08/22/2013, Roots Cultural Center, Providence, RI

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Over the course of her career, Leni Stern has established her guitar and vocal  abilities in jazz, rock, and folk while more recently drawing upon studies and collaborations from her international travels to such places as Kenya, India, Mali, Madagascar and Senegal.  Having been awarded the Gibson Guitar’s Female Jazz ...

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World Music/Traditional | World Music/Contemporary


Garrett Baker

Malian Blues; Leni Stern in Providence 08/22

Earlier this spring, a call came out of the blue: There would be no sound check for veteran jazz player Leni Stern’s next performance in Mali’s capital of Bamako. What seemed like a minor, if typical glitch heralded something altogether different: The city was in lockdown. A coup had begun.

The recent upheaval in Mali left its mark on Smoke No Fire (release: November 13, 2012), the latest release from guitarist and ngoni (Malian traditional lute) player Leni Stern. Stern, long-time collaborator with some of Mali’s most creative musicians and a masterful blueswoman, found herself recording with her friends as Bamako froze in chaos and tension.

“It added some urgency to the whole album,” Stern reflects. “We were in a different state of mind when we finished it than when we started. Initially, I was happy to delve deeper into folk songs of Mali, and I wrote lyrics in English to these folks songs. Though Bamako is free, it’s still a tough time now, and you can hear it in the way we all play, which is more aggressive.”

This heat, this intensity is palpable on tracks like the brassy, funky “Behi Mounounou (Big Head)” and “Smoke No Fire,” written by Stern and her frequent collaborator, singer and griot Ami Sacko in a hotel room during the unrest. Though sparked and tempered by Mali’s music and recent trials, the album embraces sounds from Stern’s home base in New York (including a bass cameo by Esperanza Spalding) and from elsewhere in West Africa (the Senegalese trio on “So Far, So Fast”), for a sound as wide-ranging, energetic, and thoughtful as Stern herself.

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Respected as a jazz and blues guitarist, Stern has a long history of close contact and meaningful dialogue with Mali’s music and distinctive musicians, from pop icons to griots to gritty MCs. Stern played with Salif Keita’s band, touring and jamming with his talented musicians. She studied ngoni, the ancestor of the banjo, with the Kouyates, some of the most innovative, masterful players of the deceptively simple instrument.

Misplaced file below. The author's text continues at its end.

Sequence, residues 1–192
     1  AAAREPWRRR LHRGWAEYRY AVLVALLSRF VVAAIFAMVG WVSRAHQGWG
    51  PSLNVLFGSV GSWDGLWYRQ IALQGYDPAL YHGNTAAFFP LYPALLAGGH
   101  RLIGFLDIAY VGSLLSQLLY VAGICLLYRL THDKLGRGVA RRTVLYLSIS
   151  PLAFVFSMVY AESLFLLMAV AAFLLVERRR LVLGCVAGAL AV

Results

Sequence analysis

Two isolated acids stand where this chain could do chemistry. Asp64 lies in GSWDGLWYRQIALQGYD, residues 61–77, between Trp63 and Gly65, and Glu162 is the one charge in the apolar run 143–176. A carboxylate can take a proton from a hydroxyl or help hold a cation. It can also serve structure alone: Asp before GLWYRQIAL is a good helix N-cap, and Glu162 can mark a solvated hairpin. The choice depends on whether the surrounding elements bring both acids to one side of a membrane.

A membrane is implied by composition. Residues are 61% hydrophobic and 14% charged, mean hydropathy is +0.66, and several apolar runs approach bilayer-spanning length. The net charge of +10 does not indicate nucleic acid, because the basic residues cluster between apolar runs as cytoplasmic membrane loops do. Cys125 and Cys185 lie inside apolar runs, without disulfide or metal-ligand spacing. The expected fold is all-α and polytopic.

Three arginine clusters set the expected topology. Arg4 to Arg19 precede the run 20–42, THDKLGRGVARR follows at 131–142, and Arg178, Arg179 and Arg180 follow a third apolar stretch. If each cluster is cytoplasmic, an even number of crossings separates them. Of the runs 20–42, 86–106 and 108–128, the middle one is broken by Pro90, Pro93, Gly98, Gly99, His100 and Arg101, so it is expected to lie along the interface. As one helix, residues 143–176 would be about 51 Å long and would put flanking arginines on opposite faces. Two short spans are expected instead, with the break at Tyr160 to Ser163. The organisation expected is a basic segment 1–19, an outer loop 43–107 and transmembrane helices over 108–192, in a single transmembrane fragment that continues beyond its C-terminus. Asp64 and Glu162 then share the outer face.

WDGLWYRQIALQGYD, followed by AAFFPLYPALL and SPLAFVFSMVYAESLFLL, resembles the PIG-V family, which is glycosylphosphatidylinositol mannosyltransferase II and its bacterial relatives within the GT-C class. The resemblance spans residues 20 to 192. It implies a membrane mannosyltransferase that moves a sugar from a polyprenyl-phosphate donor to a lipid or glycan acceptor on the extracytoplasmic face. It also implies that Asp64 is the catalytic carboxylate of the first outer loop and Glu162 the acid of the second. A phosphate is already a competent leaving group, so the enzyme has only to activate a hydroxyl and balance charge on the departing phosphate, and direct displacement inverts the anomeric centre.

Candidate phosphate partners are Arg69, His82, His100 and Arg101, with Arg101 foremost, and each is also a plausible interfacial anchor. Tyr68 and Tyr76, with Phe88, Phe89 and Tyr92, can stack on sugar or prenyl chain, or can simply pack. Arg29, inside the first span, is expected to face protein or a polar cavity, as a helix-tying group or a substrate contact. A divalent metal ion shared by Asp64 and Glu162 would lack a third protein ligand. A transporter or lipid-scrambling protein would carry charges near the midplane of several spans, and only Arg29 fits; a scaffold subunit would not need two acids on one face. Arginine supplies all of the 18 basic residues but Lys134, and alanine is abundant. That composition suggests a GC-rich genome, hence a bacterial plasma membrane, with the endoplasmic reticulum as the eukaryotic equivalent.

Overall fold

This dialogue—with local percussionists, griots, and wildly talented vocalists like the velvet-voiced Sacko—has borne striking fruit. Stern can play electic guitar with an aplomb that echoes desert blues legend Ali Farka Toure. Her voice intertwining with Sacko’s, Stern can render traditional songs, with their tales of love and friendship, fluently in English and Bambara (as she does on “Djarabi (My Love)”).

Stern’s work on the songs that eventually became Smoke No Fire began with a spirited engagement with Mali’s folk traditions, as Stern learned tunes and lyrics from her close musical collaborators and found English words to express their complex sentiments, as she does on “Yiriba (Tall Tree).” These recasting in a new language often broaden the songs’ meanings, making their message relevent beyond their original cultural context.

“In Mali, every house has a tree in the yard, and that’s where you eat, discuss, give people in marriage. You’re born and you die under the tree,” Stern notes. “The song talks about how the tall tree has fallen and asks, ‘What are we going to do now?’ I thought it was appropriate because of the destruction of the rainforest, of the suicidal way we are destroying our home.”

While playing with traditional forms, Stern was inspired by her friendships with a crew of Bamako MCs. Their voices and visions spoke to her, and even inspired her to rap in Bambara herself (“Djilama (Water)”). “They really speak the language in a particular, happening way,” Stern says. “They are very politically and socially conscious and have a message. Starting three records ago, I enjoy their contribution rhythmically, but it’s also the voice of the yonger generation. It’s poetry, a new kind of poetry.”

This new kind of poetry, along with blazing blues solos, hard-hitting Malian funk, and gorgeous viola and traditional percussion, was the right fit for the tough times Stern encountered as she was finishing up the album as part of a short tour in Mali. She and her collaborators ducked into the studio, avoiding drunken soldiers and early curfews, writing songs like “Smoke No Fire,” inspired by a Malian saying that means that even if it looks like trouble is brewing, it may not be a full-blown disaster.

“My last album before this one, Sabani, was a really happy album. Times were good in Mali,” Stern explains. “I hope they’ll be good again. Right now they are not. There’s a big problem. Harmony and stability can’t exist in a vacuum.” But friendly dialogue and meaningful exchange can happen, even in the worst of times, as Stern and her fellow musicians’ work proves.

Dispatch Details

Concert Start Time:
9:00 PM
Roots Cultural Center
Venue St. Address:
276 Westminster Street
Venue City, State:
Providence, RI
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